The issue is that many of us do have aRGB or DCI-P3 capable monitors - and many ink sets (see FOGRA39 CMYK) go way beyond the aRGB/P3 gamut. Add to that, at least a few of us are soft-proofing (in PS, using ProPhoto as a WS).
Why limit colorspace to the lowest common denominator?
Thanks your post.
That is the point. Why ?
If the limitation makes any advantage ( color fidelity increase, processing speed increase, space saving during store the images, better editing quality for later use, etc.) let’s use the narrower color space. If it has no advantage, use the wider color space.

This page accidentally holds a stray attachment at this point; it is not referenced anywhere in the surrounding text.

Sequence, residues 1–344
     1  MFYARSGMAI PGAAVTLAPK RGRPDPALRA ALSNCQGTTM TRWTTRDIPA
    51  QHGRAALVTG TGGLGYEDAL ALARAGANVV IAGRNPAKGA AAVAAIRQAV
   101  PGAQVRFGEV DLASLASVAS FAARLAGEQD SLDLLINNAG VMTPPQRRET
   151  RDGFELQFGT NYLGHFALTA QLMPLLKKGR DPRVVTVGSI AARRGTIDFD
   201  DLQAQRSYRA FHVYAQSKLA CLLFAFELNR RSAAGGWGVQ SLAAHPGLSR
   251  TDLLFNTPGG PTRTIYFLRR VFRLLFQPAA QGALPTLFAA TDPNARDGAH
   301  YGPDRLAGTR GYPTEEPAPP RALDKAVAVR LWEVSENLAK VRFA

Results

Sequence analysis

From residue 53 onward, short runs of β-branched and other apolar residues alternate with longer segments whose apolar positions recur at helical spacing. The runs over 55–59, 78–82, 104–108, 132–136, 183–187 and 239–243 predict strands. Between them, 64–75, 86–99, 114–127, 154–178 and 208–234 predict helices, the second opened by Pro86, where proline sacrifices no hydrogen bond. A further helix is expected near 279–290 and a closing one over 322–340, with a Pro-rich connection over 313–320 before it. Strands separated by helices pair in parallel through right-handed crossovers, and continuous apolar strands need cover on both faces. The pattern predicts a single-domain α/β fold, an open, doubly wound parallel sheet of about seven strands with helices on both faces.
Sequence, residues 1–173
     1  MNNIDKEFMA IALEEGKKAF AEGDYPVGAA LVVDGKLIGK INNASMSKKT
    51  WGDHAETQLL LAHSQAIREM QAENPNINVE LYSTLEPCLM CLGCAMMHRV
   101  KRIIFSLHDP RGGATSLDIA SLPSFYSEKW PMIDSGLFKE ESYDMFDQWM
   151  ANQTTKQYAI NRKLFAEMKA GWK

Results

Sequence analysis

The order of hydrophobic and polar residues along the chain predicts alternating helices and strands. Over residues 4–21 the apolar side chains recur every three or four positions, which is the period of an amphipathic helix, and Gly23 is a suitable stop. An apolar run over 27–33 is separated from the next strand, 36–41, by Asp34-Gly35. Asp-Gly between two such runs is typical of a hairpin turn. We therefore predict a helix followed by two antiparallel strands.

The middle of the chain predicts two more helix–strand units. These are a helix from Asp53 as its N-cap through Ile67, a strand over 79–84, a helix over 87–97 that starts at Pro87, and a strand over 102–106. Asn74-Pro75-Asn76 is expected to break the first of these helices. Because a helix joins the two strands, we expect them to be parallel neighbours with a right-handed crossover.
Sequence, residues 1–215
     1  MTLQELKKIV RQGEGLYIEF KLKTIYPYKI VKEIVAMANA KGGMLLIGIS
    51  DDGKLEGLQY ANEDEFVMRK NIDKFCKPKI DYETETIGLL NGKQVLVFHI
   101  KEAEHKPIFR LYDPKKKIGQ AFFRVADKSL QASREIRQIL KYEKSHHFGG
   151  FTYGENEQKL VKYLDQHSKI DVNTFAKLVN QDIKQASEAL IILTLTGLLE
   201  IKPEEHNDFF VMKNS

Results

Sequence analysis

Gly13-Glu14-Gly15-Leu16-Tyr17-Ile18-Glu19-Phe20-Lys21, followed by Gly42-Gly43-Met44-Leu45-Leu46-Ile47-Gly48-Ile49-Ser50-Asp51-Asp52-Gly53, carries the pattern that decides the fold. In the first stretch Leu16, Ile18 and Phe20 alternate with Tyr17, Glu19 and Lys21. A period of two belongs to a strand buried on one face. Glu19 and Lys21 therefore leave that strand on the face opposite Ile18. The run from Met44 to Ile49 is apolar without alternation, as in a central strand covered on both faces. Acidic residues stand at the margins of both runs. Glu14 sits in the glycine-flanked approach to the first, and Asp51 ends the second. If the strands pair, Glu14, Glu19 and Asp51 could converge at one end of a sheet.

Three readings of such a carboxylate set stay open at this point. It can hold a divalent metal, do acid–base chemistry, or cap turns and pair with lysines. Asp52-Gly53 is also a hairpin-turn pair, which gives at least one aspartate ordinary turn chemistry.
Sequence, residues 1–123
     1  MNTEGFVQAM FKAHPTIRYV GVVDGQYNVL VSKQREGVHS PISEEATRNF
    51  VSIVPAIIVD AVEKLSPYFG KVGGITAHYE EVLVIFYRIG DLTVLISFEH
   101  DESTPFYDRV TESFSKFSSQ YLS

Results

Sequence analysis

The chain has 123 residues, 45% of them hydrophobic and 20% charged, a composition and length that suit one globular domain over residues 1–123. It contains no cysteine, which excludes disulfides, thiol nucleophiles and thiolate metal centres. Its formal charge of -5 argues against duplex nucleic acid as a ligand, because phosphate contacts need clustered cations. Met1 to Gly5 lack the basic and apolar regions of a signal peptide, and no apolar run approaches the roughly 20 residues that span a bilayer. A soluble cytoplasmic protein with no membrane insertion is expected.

My opinion is under the actual printer and monitor selection, scientifically the wider color space make better fidelity image. However, as a human, I have some aesthetic arguments as well. The image composition and editing are based on the human taste - which is different one by one. There is no numerical expression about my color sensing taste ( different from e.g. the human eye flexibility, expressed in dioptria ). In my practice, there was no real advantage to use AdobeRGB instead of sRGB, that is why I do not miss the wider color space application.
Anyhow, I’m really curious about your practical examples when the wider color space makes better final quality in the real life. Let’s discuss about other people experiences.
I’m also curious about some real world examples. This is an almost duplicate/closely related topic, which both end now with the same question.
Just added some comments in my previous post.
Here was the topic I was looking for.
Not a new one indeed !